Monday, April 16, 2012

Spring garden - veggies and herbs

More things happening in the garden...

Wild asparagus is at the top (great in frittatas) with a row baby calendula flowers planted from seed a few weeks ago

waiting to be planted in the summer vegetable patch: daterini tomatoes, eggplant, basil 

our first artichoke

radishes, newly planted from seed

the 2 year old sage bush is really thriving these days - we mostly use the leaves to clean our teeth and gums, but sometimes for flavoring soups and sauces

the wild rucola keeps coming back stronger than ever - very bitter but wonderful in salad dressed with oil and lemon juice

celery gets very little use in our house, but I like seeing it thrive next to the mint and parsley

Sunday, April 15, 2012

Spring Garden - Fruit and Flowers

Every day I step into our garden and look for new signs of life


 ripening loquats are still very green

 winter lemons linger and fragrant blossoms bloom

 the daisies are waking up

the tangerine flowers are so sweet and promise of next season's fruit

Saturday, April 14, 2012

Biblioteca Vicenzo Bellini - Catania's children's library




Childhood memories of belonging to the bookworm club at my local public library lead me to seek some kind of equivalent here in Sicily. So of course I was delighted to discover that a public library with a children's section does exist in Catania - Biblioteca Vicenzo Bellini. The photos on the website showed an inviting reading nook with colorful chairs and enough shelves to explore that it tempted me to find the place. My husband (and many other Catanese I have since discovered) did not quite believe in its existence -- but let me tell you, it really does exist!

The library is centrally located right off of northern via Etnea, just before the circonvalazione di Catania. Signage for the 'bibloteca communale' points the way down a tiny alley that leads to a large courtyard and the library itself. After speaking with the librarians at the front desk I discovered there is even a lending policy: two books per person for a four week period. This was a bit of shock considering that on my visits to the US I am able to check out 50 books at a time.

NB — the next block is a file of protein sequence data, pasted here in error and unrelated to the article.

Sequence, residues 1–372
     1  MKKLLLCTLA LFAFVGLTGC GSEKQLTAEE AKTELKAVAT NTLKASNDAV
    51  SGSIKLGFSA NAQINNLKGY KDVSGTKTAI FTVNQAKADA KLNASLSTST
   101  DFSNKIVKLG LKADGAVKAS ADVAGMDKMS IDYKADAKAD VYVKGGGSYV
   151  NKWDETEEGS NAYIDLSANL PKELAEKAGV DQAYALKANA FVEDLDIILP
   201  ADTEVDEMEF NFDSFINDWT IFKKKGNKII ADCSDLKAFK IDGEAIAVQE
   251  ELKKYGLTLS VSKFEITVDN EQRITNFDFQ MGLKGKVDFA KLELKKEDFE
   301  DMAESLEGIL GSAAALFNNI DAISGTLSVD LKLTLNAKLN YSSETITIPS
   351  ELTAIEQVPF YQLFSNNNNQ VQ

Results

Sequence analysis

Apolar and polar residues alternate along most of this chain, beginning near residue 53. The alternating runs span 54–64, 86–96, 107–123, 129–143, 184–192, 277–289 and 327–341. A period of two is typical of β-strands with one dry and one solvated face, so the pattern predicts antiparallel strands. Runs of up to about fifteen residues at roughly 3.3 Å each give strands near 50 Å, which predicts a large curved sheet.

But on seeing the cute little kids room it was clear why so few books could be lent at a time -- there just aren't that many books in the collection. While it makes one feel bad that the library clearly does not have much of a budget for new acquisitions, the small scale means the space is really manageable for the little ones and there is none of that overwhelming feeling that I usually experience back home. We quickly discovered there are plenty of wonderful books for a kid and his mom to peruse and there is something nice about being limited to just four special books a visit (2 with my card, 2 with my son's card).

Other facts I have noticed since starting our library visits:
-very few small children seem to use the library. We either have the place entirely to ourselves, or at most one other child has shared the space with us.
-there are about 10 children's books in English in the otherwise Italian collection.
-checking books out is slow, since part of the process is logged by hand.
-the library will call you if you are late in returning your books.
-the vast majority of people who seem to use the library are high school students, and there are usually quite a few of them occupying the tables and hanging around outside.

When the kids start running laps around the room we know the visit is over. We deposit the selected books with the librarian and set them free in the open courtyard while the books are being checked out. Three huge trees shade half of the space, supplying large trunks for tree hugging, and mounds of leaves and sticks. The other half is open but with grassy spots and wild flowers blooming from cracks in the pavement and hanging over rails. The remains of an old volcanic stone wall is the finishing touch for an authentic Catanese vibe.

We really enjoy these relaxing outings on our own and with friends and the library books have a special spot on our bookshelf at home. Here's what came home with us this visit: Cacca pupu by Stephanie Blake, Look Inside the City: a book full of surprises and The Class Painter by G. Brian Karas.